Kingston is a beautiful, historic city. At Kingston Frontenac Public Library, we want to highlight the rich history and diverse lived experiences of residents in our region. In 2021, with the assistance of a grant from Young Canada Works, KFPL was able to hire a talented heritage intern to help review and highlight Indigenous resources in the library and in the community. The project focused on updating our current collections, engaging in language revitalization, and recording an Indigenous history of the Katarokwi region.
KFPL worked both independently and alongside the Kingston Indigenous Languages Nest to prioritize Indigenous language revitalization. These efforts include choosing more books and collections that feature Indigenous languages, and attending sessions run by KILN where library staff could highlight and share those resources with Indigenous families.
Over the course of the project, we worked to find and archive a large number of news articles and documents relating to Katarokwi's Indigenous community. These articles were added into our physical Vertical Files collection, and can be searched for digitally in the KFPL online catalogue.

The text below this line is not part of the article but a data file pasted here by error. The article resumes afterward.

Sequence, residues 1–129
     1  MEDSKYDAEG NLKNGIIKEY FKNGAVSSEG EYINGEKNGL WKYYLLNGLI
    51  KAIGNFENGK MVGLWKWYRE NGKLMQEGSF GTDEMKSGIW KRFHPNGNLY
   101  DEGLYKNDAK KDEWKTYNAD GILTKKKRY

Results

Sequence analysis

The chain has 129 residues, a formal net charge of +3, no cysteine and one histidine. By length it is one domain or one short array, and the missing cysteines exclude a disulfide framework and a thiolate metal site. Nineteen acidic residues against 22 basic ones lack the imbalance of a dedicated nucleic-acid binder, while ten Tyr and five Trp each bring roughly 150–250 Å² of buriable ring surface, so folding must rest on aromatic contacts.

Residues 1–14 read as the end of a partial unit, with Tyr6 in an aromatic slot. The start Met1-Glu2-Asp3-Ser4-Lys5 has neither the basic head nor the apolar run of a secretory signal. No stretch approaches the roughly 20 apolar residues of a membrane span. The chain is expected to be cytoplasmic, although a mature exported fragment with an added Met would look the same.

Some topics included in these files are: Genealogy Research, Sir John A. MacDonald and Indigenous Relations, Southeastern Algonquins and Land Claims, and many more!
Books and Articles
We studied local history books and journals and created an annotated bibliography of books and articles pertaining to Indigenous History in the Kingston-Frontenac region. Visit the Indigenous Peoples page on the DK Research site to learn more about these publications and to locate them easily in the library catalogue.
Recording Oral Histories
Our Heritage Intern reached out to local Elders, knowledge keepers, and community members to ask them to tell us their stories of the Indigenous community and experience of the Kingston Frontenac region. The resulting conversations were recorded and posted to the Indigenous Voices page of the StoryMe project.
Throughout the project, library staff were honoured to be involved with the local Indigenous community because it is their history we hope to preserve, and the vibrancy of their present and future we hope to highlight. We have been grateful to be welcomed at many events hosted by local Indigenous groups, and will continue offering resources and hosting library events that feature the voices and histories of Indigenous Peoples across Canada.